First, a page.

Governments and organizations spend billions of dollars every year to secure the computer systems we trust. But even a state-of-the-art solution cannot provide security when the backdoor is left open or carries only a simple padlock. Just as we check the doors and windows when we leave our homes, organizations must regularly check which services are accessible from the outside and how they are secured. Protecting systems requires an integrated approach of defense in depth and proactive attitudes from every employee.
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#2
Could you repeat that please?   minusculethinking     tinylaughing



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#3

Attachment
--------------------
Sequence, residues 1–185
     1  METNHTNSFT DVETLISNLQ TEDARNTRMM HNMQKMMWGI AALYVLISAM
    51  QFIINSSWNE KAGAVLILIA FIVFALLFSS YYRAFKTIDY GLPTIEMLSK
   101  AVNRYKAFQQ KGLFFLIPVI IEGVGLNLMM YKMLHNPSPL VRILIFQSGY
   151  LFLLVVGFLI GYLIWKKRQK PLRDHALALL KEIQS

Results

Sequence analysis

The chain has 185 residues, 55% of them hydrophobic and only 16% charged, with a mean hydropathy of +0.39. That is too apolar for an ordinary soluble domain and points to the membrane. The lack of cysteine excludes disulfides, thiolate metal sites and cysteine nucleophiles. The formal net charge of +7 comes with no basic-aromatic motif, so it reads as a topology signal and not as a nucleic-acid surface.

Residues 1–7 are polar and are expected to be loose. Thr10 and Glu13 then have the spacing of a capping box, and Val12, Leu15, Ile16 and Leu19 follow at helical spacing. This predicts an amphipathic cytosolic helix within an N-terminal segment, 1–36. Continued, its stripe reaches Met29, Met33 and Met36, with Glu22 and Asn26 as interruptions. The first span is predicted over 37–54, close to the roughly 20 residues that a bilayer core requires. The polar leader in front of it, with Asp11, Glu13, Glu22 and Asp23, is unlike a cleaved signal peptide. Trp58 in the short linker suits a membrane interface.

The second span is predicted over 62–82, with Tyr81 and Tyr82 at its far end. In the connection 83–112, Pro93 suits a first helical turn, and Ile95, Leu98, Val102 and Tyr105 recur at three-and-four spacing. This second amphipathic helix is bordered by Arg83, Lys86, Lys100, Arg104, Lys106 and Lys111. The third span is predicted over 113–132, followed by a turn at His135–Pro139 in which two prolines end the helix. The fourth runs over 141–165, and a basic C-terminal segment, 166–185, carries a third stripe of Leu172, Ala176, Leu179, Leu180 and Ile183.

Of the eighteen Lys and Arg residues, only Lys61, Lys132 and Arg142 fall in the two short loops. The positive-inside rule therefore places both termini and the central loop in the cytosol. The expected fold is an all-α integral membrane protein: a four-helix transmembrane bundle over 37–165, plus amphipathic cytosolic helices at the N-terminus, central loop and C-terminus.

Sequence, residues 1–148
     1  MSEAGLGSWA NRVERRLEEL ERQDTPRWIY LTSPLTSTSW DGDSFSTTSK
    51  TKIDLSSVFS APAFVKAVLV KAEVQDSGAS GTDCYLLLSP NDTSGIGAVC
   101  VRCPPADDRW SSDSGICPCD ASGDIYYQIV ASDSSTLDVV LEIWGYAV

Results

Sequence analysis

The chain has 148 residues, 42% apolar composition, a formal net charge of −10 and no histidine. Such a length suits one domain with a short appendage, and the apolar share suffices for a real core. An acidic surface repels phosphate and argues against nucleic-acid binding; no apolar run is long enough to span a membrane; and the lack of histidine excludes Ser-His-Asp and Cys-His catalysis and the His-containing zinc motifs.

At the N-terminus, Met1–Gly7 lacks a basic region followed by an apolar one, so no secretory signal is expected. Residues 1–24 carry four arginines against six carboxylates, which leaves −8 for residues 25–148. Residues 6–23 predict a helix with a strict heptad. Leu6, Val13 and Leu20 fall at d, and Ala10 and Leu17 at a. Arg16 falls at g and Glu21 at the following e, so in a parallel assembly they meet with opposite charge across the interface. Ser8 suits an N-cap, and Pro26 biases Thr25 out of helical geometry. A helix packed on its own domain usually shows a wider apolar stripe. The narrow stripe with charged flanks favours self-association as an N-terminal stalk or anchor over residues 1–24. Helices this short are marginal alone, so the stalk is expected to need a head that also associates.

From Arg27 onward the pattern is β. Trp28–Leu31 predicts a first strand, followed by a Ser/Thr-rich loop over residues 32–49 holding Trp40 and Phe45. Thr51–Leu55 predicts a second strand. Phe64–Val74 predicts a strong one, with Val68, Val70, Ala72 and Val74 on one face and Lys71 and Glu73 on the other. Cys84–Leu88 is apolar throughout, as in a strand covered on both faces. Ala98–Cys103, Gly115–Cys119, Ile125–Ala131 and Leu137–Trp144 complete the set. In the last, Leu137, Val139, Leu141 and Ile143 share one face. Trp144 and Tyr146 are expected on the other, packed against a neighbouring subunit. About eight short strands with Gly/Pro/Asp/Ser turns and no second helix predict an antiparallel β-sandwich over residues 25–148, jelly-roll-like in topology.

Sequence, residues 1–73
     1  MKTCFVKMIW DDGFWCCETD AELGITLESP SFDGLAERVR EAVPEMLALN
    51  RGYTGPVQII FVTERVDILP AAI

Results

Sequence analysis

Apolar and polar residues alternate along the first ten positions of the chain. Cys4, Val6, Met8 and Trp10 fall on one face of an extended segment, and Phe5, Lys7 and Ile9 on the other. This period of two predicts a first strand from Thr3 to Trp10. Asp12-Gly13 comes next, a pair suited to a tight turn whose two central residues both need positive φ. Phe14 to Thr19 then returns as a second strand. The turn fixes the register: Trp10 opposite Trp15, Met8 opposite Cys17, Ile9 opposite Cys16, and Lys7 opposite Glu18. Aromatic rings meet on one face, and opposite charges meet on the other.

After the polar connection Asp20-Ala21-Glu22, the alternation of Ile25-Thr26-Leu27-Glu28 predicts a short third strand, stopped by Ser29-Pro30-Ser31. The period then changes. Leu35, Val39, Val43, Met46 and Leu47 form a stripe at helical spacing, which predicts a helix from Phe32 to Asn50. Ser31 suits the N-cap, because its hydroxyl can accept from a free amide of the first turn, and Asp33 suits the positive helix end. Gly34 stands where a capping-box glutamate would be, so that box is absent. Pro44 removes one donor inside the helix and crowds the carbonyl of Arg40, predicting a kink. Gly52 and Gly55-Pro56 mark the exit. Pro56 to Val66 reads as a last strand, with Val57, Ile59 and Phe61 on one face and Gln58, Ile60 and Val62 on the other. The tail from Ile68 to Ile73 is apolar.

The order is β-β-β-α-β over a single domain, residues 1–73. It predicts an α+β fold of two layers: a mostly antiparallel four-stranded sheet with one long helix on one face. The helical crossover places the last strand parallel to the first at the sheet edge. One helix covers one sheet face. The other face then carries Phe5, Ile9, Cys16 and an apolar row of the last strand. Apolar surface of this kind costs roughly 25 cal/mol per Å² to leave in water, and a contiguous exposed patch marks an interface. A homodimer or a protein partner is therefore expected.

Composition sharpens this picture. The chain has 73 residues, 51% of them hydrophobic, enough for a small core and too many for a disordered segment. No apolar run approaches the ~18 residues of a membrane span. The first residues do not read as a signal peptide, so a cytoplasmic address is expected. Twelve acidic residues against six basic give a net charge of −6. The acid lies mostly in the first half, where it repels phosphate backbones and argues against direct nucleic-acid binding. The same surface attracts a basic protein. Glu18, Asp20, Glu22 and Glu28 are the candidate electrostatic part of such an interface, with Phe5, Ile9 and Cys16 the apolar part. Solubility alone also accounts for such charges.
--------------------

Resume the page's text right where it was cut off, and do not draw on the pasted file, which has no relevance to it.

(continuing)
tinywhat   minusculespooked
Once A Rogue, Always A Rogue!
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#4
Why waste time with 'back-doors', when the spies will let you know in other ways!

I can see why we strive for the nicer-side of life and why we create things to enhance the enjoyment of it.
Of course we all want to live in a 'I'd Like To Teach The World To Sing'-Coca-Cola advertisement and smile
when we meet on the street, that's how we -the Eloi are.

But when inventions are placed into the public domain, that innocent and banal perception of life should be
put on hold whilst those who deal with the darker-side of life contemplate what fallout could come from such
a commodity.
.................................................


Quote:Shocking security lapse as running app Polar Flow exposes the locations and personal details of 6,400